Dealing with persnickety clients


Dr. Brock shares his comical experience with a nit-picking banker.

The dictionary defines persnickety as, "placing too much emphasis on trivial or minor details." I've been practicing veterinary medicine for 20 years and through that time, my definition of minor details has changed.

I've quoted the life cycle of heartworms and the pathogenesis of navicular disease so many times that I'm bored to death with it. As far as I'm concerned, it's a trivial detail, and I never want to tell the story again. But most people have never heard either of those stories, and it's not a minor detail to them.

But it's not that type of minor detail that drives me nuts, it's that client who comes in with a list. Oh my, I hate lists. When I see a client pull one out, I just want to prolapse. I know that there's about to be a 20-minute question-and-answer session and that every answer I give will be researched on the Internet and amongst the checker at PetSmart and the bag loader at the feed store.

For example, take my true story of the list bearing banker who is the epitome of persnickety. I dispensed some antibiotic tablets for him to give his dog twice a day. The next day he called me up, "Yes, ahhhh, Dr. Brock, ahhhh, I was just calling with a question on the dosing of the antibiotic you sent home with my Poodle yesterday. I hate to be a stickler, but according to the dosage schedule on the manufacturer's website, ahhhh, Missy should be getting 13/32nds of a tablet twice a day, and I believe you had us giving a half of a tablet."

What? Are you kidding me? I'm talking to a banker about drug calculations, and he has corrected me? This guy got on the Internet, found the website, got the dosage schedule, calculated the dose, and now came up with a fraction of a tablet that has the number 13 and 32 in it?

I started to try and justify my "overdosage" by using some big medical diatribe and trumping his Internet with my education. But instead I decided to play along. I just told him to hang on a minute while I recalculated the dose. I then told him that he was correct and needed to break each tablet into 32 equally sized portions, giving the dog 13 of those portions twice a day. I apologized for being off a bit in my calculation and that the slight overdose was not dangerous to the dog in any way. I went on to tell him that it was very important that each of the 32 portions be exactly the same size.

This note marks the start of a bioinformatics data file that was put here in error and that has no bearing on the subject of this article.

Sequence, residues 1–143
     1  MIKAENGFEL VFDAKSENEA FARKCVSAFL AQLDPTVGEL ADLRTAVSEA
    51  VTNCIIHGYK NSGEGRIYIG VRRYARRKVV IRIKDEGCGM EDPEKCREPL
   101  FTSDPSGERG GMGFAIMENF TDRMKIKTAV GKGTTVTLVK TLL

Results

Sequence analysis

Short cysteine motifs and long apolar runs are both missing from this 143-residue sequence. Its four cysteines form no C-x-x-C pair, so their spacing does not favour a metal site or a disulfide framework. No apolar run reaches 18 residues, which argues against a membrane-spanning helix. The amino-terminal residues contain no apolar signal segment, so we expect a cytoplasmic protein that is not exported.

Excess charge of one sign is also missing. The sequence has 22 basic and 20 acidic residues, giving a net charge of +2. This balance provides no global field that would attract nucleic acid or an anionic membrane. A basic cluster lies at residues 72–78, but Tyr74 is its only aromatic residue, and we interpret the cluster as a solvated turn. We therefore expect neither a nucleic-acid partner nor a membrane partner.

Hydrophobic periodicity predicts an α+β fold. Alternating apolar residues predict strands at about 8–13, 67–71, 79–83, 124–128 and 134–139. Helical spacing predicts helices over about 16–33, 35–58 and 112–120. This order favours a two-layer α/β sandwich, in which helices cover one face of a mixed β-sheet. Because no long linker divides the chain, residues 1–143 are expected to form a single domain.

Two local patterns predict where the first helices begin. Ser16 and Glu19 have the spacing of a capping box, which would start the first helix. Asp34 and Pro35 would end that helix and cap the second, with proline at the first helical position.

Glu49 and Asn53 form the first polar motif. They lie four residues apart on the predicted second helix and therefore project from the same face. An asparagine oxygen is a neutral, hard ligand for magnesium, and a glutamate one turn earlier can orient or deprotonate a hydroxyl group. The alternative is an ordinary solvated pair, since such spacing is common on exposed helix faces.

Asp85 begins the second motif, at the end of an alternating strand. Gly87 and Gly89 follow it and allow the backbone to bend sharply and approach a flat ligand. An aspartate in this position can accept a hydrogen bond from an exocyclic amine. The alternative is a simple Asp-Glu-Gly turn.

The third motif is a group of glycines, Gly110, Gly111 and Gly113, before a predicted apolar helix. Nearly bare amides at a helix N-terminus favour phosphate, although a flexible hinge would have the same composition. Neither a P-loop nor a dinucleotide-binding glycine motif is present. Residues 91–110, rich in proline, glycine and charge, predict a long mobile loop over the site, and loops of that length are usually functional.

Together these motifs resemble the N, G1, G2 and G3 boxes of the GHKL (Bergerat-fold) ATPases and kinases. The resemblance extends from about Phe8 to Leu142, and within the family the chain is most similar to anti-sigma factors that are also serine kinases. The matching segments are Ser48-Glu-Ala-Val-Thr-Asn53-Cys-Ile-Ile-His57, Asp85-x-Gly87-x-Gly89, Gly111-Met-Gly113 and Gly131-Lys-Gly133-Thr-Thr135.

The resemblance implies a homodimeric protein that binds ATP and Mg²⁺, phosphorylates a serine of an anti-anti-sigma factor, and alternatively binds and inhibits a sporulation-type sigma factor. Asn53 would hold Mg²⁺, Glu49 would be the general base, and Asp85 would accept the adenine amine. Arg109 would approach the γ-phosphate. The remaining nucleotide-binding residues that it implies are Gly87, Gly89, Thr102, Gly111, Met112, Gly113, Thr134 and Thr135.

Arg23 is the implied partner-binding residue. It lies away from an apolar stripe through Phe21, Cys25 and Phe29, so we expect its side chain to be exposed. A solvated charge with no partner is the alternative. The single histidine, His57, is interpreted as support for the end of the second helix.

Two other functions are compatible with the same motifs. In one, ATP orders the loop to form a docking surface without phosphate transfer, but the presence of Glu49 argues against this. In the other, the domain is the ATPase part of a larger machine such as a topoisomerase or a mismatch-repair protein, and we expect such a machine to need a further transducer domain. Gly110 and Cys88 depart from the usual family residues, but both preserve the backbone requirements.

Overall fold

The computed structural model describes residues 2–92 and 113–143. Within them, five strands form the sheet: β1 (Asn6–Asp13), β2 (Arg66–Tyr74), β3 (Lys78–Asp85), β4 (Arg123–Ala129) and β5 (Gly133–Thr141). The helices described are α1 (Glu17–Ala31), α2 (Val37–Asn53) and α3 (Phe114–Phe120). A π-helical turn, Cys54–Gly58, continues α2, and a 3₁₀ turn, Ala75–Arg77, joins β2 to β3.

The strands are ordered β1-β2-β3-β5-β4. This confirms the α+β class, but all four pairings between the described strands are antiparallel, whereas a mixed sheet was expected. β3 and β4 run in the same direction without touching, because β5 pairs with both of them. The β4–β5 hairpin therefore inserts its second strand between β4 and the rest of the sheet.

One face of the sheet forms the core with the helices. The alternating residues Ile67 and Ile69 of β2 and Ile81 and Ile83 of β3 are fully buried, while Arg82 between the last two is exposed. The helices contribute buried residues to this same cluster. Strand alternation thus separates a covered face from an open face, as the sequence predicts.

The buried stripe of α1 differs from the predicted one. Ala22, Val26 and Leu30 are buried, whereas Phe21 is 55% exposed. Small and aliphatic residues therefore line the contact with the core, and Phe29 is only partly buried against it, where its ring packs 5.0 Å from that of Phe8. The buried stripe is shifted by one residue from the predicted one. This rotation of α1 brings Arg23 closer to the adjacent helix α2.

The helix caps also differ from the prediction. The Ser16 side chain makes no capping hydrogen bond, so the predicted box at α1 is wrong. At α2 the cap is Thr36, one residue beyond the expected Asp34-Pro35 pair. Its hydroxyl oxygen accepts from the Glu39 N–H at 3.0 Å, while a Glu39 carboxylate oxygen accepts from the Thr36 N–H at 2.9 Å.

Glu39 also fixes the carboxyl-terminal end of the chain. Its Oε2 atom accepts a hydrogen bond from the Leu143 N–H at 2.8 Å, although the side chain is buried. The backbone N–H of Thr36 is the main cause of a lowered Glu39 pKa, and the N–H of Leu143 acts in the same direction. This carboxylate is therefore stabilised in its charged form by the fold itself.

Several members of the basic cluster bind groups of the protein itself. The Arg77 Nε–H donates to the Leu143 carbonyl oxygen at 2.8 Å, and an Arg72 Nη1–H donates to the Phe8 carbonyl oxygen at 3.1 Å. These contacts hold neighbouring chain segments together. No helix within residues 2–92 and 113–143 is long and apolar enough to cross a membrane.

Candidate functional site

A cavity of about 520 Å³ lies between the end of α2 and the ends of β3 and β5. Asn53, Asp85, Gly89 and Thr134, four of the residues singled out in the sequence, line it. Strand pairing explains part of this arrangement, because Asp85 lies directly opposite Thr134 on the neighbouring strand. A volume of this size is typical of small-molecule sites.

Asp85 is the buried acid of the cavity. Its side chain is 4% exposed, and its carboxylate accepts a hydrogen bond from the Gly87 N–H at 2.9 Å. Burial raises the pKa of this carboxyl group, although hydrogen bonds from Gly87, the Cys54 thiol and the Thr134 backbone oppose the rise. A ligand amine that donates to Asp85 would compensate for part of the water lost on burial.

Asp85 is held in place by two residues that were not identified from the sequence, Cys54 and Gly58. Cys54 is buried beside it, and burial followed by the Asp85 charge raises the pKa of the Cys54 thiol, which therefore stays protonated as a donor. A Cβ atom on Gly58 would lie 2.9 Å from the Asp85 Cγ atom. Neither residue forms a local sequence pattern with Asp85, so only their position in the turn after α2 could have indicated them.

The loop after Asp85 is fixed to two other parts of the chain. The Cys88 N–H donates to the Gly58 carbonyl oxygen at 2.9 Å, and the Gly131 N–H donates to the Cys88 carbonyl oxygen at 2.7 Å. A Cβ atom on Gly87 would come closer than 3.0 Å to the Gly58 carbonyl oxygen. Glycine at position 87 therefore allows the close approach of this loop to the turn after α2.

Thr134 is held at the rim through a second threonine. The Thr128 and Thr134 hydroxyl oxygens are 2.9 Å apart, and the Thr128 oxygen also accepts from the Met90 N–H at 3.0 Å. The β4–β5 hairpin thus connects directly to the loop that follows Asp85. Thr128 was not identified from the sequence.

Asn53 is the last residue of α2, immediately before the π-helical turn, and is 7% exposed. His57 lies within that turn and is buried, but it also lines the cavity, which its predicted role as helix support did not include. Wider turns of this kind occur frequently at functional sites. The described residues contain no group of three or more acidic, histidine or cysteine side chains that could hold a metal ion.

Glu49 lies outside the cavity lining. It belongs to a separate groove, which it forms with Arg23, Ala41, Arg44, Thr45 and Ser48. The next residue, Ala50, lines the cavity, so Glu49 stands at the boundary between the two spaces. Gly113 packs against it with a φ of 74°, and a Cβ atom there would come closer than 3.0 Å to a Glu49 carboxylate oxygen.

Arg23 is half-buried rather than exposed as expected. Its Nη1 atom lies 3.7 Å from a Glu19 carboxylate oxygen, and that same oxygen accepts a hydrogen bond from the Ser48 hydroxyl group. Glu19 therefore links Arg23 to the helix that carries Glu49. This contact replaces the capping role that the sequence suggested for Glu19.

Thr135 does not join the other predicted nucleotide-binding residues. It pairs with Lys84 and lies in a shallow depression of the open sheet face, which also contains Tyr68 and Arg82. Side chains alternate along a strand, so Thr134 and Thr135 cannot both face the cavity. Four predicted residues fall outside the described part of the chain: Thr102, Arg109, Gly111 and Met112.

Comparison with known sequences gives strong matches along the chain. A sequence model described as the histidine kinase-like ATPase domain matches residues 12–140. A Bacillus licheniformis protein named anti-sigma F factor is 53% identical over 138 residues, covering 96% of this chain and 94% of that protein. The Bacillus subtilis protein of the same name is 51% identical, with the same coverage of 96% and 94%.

There was a long moment of silence as he absorbed the matter. I wasn't sure what was going through his mind, but I was on the edge of my seat waiting for the result. What prompts a person to hang on such a detail? Had he not even considered for a minute the absurdity of such a calculation? Did he just want to call and show me how smart he was, or did he actually think that I was an idiot who couldn't calculate a dose?

Instead of admitting defeat, he replied, "How would one go about breaking up one of those small tablets into 32 equal portions?"

"I have no idea. Maybe you should just break it in half and pretend 6/32nds of the thing flaked off when it broke," I said.

This made him laugh. He laughed and laughed until I was beginning to get uncomfortable. Finally, after what seemed like a good two minutes of fake-sounding laughter, he replied, "I guess that brings us right back to where we started. Wow, I guess that is why I'm a banker and not a doctor, huh?"

You got that right, you persnickety sounding rascal, was what I was thinking as he began another round of strange laughter. I had just spent 10 minutes on the phone facing too much emphasis on minor or trivial details.

Dr. Brock owns the Brock Veterinary Clinic in Lamesa, Texas.

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